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I understand that a doublet uses different refractive indices:
https://en.wikipedia.org/wiki/Doublet_(lens)
Does an increase in refractive index of either the crown or the flint decrease the focal length of the lens?

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2 Answers 2

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An increase in index of refraction would make a lens bend light more sharply. For the convex lens, it would bring light more sharply toward a focus, and thus decrease the focal length. The concave lens, diverts light away from a short focus toward a longer focus. A higher index of refraction would increase the focal length.

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  • $\begingroup$ Thanks. Is there a specific formula I can refer to for adding extra glass to a plano convex lens? Thats actually what im confused about. How adding extra glass to the plano effects the plano's focal length. Or figuring out how to calculate the change in focal length when the second material's refractive index is changed $\endgroup$ Apr 24, 2020 at 4:48
  • $\begingroup$ It ranges from simple formulae for approximate results to lens design software for complex systems. Start with this. hyperphysics.phy-astr.gsu.edu/hbase/geoopt/lenscon.html#c1 $\endgroup$
    – mmesser314
    Apr 24, 2020 at 5:03
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I think your question is too general to answer. The first thing: do you want to increase the refraction index by a certain amount for all wavelengths? If yes (which is impossible in reality.Changing the material, you modify its dispersion in a different way), then it depends on the lens parameters such as surface curvature and numerical aperture. Indeed, these parameters affect the angles between beams and surfaces (air-crown,crown-flint,flint-air).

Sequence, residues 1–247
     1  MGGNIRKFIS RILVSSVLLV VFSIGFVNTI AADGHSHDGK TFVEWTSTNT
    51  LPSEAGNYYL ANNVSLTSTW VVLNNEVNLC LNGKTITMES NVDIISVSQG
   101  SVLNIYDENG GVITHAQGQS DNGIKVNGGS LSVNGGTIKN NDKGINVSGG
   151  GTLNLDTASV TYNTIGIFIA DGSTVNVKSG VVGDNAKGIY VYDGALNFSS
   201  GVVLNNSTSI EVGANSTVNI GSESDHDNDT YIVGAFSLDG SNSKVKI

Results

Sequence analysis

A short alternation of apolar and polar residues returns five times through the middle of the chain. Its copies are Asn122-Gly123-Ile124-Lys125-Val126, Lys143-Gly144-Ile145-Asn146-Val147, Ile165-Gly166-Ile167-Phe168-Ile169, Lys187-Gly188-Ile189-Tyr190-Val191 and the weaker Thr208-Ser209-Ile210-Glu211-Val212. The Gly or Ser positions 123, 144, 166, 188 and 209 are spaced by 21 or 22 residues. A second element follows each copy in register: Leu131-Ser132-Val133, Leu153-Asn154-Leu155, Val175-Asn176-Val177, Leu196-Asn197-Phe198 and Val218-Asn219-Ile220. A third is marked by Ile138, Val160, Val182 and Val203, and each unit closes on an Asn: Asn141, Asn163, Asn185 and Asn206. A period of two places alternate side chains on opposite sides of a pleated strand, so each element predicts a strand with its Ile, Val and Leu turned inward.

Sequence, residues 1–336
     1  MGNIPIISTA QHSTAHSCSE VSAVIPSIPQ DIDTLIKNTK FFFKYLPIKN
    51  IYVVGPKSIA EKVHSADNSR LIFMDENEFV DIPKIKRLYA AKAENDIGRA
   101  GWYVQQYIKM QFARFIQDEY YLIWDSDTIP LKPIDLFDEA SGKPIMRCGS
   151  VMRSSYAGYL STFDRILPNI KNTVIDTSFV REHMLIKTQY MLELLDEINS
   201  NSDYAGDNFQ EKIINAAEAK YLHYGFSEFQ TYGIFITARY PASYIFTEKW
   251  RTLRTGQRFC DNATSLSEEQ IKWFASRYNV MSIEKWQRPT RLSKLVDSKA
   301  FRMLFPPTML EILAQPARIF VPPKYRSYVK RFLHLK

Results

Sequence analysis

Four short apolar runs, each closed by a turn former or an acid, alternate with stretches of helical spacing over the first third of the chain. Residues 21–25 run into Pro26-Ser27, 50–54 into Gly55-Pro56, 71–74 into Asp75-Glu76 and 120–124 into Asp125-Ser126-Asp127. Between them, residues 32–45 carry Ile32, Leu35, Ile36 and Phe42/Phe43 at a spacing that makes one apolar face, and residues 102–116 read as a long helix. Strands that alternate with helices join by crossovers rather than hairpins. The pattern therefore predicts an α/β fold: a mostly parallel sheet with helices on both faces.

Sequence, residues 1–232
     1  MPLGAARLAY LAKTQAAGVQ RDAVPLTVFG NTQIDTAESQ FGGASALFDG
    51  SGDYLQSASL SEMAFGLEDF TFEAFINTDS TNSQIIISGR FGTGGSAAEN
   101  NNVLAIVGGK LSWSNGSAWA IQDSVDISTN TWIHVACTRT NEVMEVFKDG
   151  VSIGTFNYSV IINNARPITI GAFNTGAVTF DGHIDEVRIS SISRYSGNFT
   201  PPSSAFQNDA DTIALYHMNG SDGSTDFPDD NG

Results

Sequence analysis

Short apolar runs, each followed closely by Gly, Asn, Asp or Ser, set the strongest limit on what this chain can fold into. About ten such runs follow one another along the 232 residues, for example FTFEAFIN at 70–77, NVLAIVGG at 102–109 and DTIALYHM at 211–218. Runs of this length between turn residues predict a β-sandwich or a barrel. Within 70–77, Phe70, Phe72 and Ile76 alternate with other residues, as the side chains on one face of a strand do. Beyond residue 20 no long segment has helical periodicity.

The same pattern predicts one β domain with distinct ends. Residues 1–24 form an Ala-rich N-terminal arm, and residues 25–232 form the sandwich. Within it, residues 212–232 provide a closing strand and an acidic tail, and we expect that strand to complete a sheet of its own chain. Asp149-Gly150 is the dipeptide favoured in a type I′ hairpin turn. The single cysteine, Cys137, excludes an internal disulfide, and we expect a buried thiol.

Consider two opposite cases: blue and red laser beams, focusing by a good achromatic lens approximately in the same focusing point. When you change the refraction index of the material (e.g. crown), you need to do calculations according to the Snell's Law. It states that the multiplication of $n*sin(\theta)$ is conserved, where $\theta$ represents the angle between the beams (incident or refracted) and the mediums interface normal. Changing $n$ of the crown will change the refraction angles $\theta$ approximately in the same way for the red and blue beams, but only for small angles approximation. In this case, the beams bend stronger and the focal length decreases. However, for large angles, bending will occur in different ways for two beams which will lead to focusing of two wavelengths in different places. Practically, your lens is not achromatic anymore.

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  • $\begingroup$ Im actually not sure. Is there a particular calculation/calculator I can refer to for a lens made of two different materials using snells law? I'm curious about changing the refractive index of the second section of the lens. I'd start with a convex lens with a certain focal length, then add a glass blank with the same diameter to this convex lens $\endgroup$ Apr 24, 2020 at 4:58

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